Jump to content
  • Advertisement
Sign in to follow this  
  • entries
  • comments
  • views


Sign in to follow this  


Back at the end of August, I downloaded the XNA Game Studio Express Beta. Until this weekend, I really hadn't experimented with it at all. I had glanced at the SpaceWar code, but I hadn't really written a program of any sort.

It occured to me yesterday that I probably should learn XNA, given the fact that this framework will eventually allow me to develop games for my Xbox 360. Being able to have my games played on a game console has been something I've wanted since I started to program. So, with that in mind, I decided to experiment a little with XNA.

So after a few minutes, I had a blank window. It would have taken less, but I made sure to reformat the code so it wasn't like this:

public int stuff() {
int i = 4;

I personally can't stand that formatting, it confuses me a great deal. Sadly for me, all the template code you're given is formatted like this.

Anyways, I decided then that I should learn how to draw a sprite. A few minutes later, I drew a hand drawn picture I had made to the screen. I must say it was quite easy. What suprised me was that I was under the impression that I would be required to use the 3D coordinate system. I found that I could actually use the coordinate system I'm already familiar with from programming 2D games.

At this point, I pretty much realized that anything I could do in SDL, I could also do in XNA. Given enough time, I could probably recode Blocky Man in XNA. There are a few issues though. For instance, having to create a masked image for transparency. One of the main reasons that I started using Allegro, and later SDL, is because of color key transparency. However, I think I could get over that difficulty, and it might end up helping in some respects. I was thinking that I might try to code a robotron clone with stick figures and such. It would also have vehicles that take advantage of XNA's sprite rotation capibility. That would be a pretty cool side project.

With the regards to 2D sprite drawing, the documentation was very helpful. I can't say the same for 3D rendering, which I wanted to try out. When I created a program from the 3D code given in the documentation, it didn't render anything. I tried many different variations, with no luck.

I wish the package came with some examples. I know SpaceWar is supposed to be a big example, but I didn't really find it helpful. Especially, since I can't seem to play it without a common controller. It would be nice to have specific example programs, like "rendering a triangle" and "transformations". However, I know that several sites are currently creating such tutorials.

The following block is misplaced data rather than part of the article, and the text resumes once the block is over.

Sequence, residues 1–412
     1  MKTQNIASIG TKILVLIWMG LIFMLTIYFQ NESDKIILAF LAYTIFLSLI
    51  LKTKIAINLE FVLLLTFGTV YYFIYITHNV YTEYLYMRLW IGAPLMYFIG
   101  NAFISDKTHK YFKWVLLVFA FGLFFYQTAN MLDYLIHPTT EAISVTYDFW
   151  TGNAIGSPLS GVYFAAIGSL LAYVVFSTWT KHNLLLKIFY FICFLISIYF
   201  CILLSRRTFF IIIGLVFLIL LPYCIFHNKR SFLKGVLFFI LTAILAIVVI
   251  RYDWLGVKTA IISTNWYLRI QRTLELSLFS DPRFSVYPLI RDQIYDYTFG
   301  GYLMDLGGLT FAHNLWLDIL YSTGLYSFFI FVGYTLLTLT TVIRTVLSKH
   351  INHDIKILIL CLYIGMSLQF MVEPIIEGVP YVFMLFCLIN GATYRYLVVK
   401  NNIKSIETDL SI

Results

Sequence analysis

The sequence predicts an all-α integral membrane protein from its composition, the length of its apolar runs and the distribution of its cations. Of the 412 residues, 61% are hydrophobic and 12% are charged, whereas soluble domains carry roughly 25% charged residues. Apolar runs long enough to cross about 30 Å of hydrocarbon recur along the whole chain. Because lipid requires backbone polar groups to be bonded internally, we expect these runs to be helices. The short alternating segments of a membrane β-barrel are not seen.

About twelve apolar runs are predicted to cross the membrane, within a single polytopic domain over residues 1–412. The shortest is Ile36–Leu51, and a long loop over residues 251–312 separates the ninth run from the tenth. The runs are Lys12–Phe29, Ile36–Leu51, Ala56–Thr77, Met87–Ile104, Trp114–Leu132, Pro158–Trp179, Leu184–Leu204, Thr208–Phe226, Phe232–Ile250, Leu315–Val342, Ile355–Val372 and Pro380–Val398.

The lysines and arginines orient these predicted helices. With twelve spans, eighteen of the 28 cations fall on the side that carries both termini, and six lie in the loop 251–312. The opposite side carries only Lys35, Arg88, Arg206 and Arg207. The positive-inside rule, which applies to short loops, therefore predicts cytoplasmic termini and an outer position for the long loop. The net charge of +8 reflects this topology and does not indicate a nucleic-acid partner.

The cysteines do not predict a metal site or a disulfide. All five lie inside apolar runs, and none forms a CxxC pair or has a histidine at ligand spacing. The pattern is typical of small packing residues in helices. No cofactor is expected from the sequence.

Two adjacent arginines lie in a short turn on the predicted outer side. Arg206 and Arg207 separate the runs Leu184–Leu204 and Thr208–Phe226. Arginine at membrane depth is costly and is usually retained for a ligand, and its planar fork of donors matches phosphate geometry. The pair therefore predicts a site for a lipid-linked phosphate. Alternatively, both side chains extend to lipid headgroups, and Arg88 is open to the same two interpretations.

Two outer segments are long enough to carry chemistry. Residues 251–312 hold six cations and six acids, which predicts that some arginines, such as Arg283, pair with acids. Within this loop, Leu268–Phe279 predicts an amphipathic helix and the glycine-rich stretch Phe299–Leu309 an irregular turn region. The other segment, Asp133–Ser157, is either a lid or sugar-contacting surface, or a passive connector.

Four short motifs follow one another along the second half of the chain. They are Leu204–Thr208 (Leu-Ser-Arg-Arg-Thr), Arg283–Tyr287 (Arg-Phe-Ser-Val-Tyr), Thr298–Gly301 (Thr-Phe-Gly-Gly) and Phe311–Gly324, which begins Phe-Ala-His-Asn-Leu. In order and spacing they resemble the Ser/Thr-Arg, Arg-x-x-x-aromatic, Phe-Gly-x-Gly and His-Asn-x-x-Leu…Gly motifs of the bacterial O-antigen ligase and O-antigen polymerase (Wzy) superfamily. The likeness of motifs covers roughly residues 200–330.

Apparently, in December, the full package will come out. I think at that time I'll really start to use it, but until then, I'll just stick to C++ and SDL. December isn't really that far away anyways, and I can't say Blocky Man will be done then either(probably not). However, I'm really looking forward to seriously using XNA, and maybe getting a game running on my 360.

I did become a member on OpenXNA. I don't think I'll have any content for a little while, but I wanted to make sure no one took the name "Stompy"[lol]

------Completely unrelated-----------------------------------------------

I saw "Flags of our Fathers" today. It's a great movie, and I definetly recommend it. Quite an interesting way to tell a story in a movie, but
it seems to work well. Basically, most of the actual Iwo Jima scenes are
told as flashbacks that the soldiers are having. It's a good idea, but it
can make the timeline seem confusing at times. I'm always a fan of World
War II movies, and this one is pretty good.

Sign in to follow this  


Recommended Comments

I can't offer up much help on the other XNA topics, but XNA Spot has a walk-through of how to get keyboard input working for the basic Space War game here .

Share this comment

Link to comment
You can change the formatting settings for C# Express Edition/Game Studio Express (Tools menu item, Options, Text Editor - C# - Formatting) and then reformat the document (ctrl+e then ctrl+d) which should take care of that automatically (it does for me.)

Good luck!

Share this comment

Link to comment

From memory you can use colour-keys with textures by specifying the RGB value when you load the texture. That colour will then be considered 100% transparent black.

I don't know if there's any special trick you need to do to get this in XNA as I haven't used it yet. Sorry.


Share this comment

Link to comment
Oops, I missed your transparency statement. You can do alpha transparency in XNA using an alpha layer (png, tga, etc) and then when you call SpriteBatch.Begin() you can specify SpriteBlendMode.AlphaBlend and it'll automatically setup alpha blending for you.

RobLoach, Krisc, and I are work on some articles and projects at OpenXNA.


Share this comment

Link to comment
Well, if it is possible to have color keys with XNA, than I'm even more on board than before. I'll probably switch to using XNA after I finish Blocky Man.

I got my account on OpenXNA, Just in case I decide to make something with it and post it.

Share this comment

Link to comment

Create an account or sign in to comment

You need to be a member in order to leave a comment

Create an account

Sign up for a new account in our community. It's easy!

Register a new account

Sign in

Already have an account? Sign in here.

Sign In Now
  • Advertisement

Important Information

By using GameDev.net, you agree to our community Guidelines, Terms of Use, and Privacy Policy.

GameDev.net is your game development community. Create an account for your GameDev Portfolio and participate in the largest developer community in the games industry.

Sign me up!